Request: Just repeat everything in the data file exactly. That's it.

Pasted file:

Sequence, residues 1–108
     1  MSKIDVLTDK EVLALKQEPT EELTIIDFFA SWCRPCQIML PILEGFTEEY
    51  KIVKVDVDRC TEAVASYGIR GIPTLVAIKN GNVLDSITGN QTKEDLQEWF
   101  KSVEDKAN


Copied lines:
Sequence, residues 1–108
     1  MSKIDVLTDK EVLALKQEPT EELTIIDFFA SWCRPCQIML PILEGFTEEY
    51  KIVKVDVDRC TEAVASYGIR GIPTLVAIKN GNVLDSITGN QTKEDLQEWF
   101  KSVEDKAN